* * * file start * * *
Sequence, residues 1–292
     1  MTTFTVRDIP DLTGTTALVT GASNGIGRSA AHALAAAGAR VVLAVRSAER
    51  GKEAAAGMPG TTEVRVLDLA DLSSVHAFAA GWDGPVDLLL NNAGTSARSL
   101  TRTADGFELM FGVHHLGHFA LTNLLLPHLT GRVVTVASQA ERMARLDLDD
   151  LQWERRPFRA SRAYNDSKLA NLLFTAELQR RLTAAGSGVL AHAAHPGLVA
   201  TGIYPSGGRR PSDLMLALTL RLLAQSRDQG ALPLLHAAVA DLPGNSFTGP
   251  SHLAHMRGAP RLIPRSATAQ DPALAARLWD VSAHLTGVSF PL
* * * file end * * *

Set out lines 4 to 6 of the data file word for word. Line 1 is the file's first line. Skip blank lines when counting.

   101  TRTADGFELM FGVHHLGHFA LTNLLLPHLT GRVVTVASQA ERMARLDLDD
   151  LQWERRPFRA SRAYNDSKLA NLLFTAELQR RLTAAGSGVL AHAAHPGLVA
   201  TGIYPSGGRR PSDLMLALTL RLLAQSRDQG ALPLLHAAVA DLPGNSFTGP